Editor’s Note: This editorial was distributed by Capitol News Illinois on behalf of the Paul Simon Public Policy Institute. The opinions expressed in this article are those of the author.
On a late Friday afternoon in early March, my last appointment of the week was a conversation with interns from the Paul Simon Public Policy Institute, most of whom work at the Capitol in Springfield. I was looking forward to having the conversation, but I was tired from the long week, so I spent a few minutes gathering my energy for the meeting. It soon became apparent that this was not necessary. The curiosity, passion, idealism, intelligence and hope of our interns gave me a burst of energy that propelled me throughout the afternoon, and it remains. During an hour-long conversation, they discussed working on Capitol Hill while COVID-19 lingers, the ebbs and flows of the General Assembly schedule, and whether to meet with state officials, senators and constitutional officers. A student described meeting the Governor and Ms. Pritzker during this year’s State of the State address.
The conversation reminded me how important internships are for students, universities and employers.
Research shows that internships during college provide students with critical opportunities to channel academic learning into workplace skills. Internships also stimulate personal growth, build confidence, and help students build professional and social networks and evaluate career options. For employers, interns bring energy, curiosity, creativity and fun to work. Everybody wins.
“Internships and other forms of work-based learning are one of the most influential ideas shaping research, policy-making and educational practice in higher education at the start of the 21st century,” study concludes. National University Internship Program conducted last year by the University of Wisconsin. -Madison.
When Paul Simon established the Public Policy Institute at Southern Illinois University 25 years ago, he saw student opportunities, including internships, as central to its mission. Over the years, the institute has established several internship programs in Springfield and one for a government agency in southern Illinois. We also have a social work internship.
Institute interns have had enriching experiences that have helped launch impressive careers in state government, politics, business, academia, media, and lobbying.
Allow me to say a few words to the trainees of the Institute.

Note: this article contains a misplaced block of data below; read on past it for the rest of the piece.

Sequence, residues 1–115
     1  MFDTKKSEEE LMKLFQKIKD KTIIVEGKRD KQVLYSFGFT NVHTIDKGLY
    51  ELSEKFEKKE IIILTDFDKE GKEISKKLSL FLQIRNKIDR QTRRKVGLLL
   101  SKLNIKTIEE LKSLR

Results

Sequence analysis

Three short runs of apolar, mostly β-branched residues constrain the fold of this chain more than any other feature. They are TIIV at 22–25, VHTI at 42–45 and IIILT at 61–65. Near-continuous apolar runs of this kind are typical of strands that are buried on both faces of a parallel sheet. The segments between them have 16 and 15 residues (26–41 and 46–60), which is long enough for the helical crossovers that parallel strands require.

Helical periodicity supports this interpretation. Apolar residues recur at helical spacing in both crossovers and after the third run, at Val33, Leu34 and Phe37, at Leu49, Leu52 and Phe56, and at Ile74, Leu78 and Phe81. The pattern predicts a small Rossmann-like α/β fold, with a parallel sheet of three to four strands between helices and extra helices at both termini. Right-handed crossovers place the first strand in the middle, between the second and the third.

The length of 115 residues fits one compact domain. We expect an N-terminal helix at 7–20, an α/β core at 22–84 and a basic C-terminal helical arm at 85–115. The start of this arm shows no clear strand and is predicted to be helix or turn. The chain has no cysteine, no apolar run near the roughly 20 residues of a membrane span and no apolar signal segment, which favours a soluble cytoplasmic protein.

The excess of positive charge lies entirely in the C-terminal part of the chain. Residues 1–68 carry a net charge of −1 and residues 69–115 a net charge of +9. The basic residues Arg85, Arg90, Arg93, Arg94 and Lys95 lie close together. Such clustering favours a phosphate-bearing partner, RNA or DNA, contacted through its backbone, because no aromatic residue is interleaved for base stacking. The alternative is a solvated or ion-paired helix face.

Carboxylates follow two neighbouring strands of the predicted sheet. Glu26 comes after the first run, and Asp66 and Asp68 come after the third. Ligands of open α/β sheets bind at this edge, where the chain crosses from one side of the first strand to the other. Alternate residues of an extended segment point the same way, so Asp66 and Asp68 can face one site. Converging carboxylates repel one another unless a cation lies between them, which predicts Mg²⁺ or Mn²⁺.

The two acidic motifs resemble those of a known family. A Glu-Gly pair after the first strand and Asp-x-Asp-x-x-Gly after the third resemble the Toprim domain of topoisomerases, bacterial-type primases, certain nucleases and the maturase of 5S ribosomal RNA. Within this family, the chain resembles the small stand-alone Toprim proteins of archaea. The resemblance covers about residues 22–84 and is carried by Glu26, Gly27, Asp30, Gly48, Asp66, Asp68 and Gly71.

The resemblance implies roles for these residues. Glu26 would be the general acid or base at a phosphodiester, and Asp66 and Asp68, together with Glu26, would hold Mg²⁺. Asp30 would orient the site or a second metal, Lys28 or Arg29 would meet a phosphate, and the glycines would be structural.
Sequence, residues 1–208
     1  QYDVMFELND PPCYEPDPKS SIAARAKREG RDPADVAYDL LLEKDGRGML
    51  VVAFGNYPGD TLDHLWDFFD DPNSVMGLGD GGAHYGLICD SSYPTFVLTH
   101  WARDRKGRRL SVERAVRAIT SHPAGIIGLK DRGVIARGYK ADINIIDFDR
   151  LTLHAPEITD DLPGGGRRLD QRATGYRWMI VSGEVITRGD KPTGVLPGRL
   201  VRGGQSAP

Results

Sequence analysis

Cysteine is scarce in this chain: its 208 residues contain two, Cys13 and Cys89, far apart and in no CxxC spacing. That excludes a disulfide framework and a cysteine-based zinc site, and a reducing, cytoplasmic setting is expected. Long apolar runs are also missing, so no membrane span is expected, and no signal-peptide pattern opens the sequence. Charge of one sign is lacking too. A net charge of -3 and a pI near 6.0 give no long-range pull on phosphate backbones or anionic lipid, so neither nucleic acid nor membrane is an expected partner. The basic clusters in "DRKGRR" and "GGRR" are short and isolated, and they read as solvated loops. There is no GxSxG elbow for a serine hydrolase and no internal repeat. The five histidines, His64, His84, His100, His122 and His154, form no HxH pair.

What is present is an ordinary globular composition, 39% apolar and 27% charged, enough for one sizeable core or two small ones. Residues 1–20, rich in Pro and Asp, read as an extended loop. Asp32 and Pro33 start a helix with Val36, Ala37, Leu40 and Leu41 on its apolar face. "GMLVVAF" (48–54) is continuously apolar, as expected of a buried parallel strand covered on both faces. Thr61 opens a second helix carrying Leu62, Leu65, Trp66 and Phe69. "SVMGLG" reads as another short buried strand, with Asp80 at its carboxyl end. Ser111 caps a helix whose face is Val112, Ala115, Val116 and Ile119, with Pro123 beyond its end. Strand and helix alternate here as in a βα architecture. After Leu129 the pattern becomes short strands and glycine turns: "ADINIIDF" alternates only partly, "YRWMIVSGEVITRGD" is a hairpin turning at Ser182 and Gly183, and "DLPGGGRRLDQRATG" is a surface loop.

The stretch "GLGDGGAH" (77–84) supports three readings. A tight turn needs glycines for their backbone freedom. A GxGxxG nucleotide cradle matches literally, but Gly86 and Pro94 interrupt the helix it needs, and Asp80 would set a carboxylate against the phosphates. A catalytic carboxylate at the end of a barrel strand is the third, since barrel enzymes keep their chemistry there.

Mallory Harrity, of Fox Lake, Illinois, Criminology and Criminal Justice major: “I took this internship so that I could gain experience in government and learn about the inner workings of the State Capitol. … I hope this internship will help my career by continuing to introduce me to people who are successful in the field of legislation and who share my passion for criminal justice reform. »
Crystal Kendzior, from LaGrange, Illinois, majoring in economics: “I have always wanted to help solve the social problems of our country. I took this internship to hone my passions and figure out where to apply my skills to create change. Becoming an intern of Gene Callahan in the President’s Office provided me with a launch pad for the rest of my career. …I learned valuable lessons about the fundamentals of state government, how to perform in professional social interactions, and the importance of being confident and willing to learn.
Ajara Yakoubou, from Plainfield, Illinois, majoring in political science: “I took this internship so I could learn first-hand how state government works. This internship taught me how to build professional relationships with others and that people are willing to help me strengthen my future in politics by showing me different things I can do there.
Valeria Beltran, from Mundelein, Illinois, social work major: “Through this internship, I have the chance to learn how the Illinois Senate and House of Representatives committees work and how bills progress within the government. This internship has shown me another side of social work and I know it will help me prepare for the future by monitoring the bills that will affect my clients so that I can advocate for their needs.
Chelsey Varela, of Centralia, Illinois, Criminology and Criminal Justice major: “Over the past few months, I’ve learned the benefits of social interaction, introducing myself to new faces and getting out of my comfort zone. As someone interested in politics and dedicated to the pursuit of law, I hope this internship will help propel me forward in bringing about change within the criminal justice system, both at the state level than at the federal level.
John T. Shaw is the director of the Paul Simon Public Policy Institute at Southern Illinois Carbondale. Shaw’s monthly column explores how Illinois can work toward better politics and smarter government.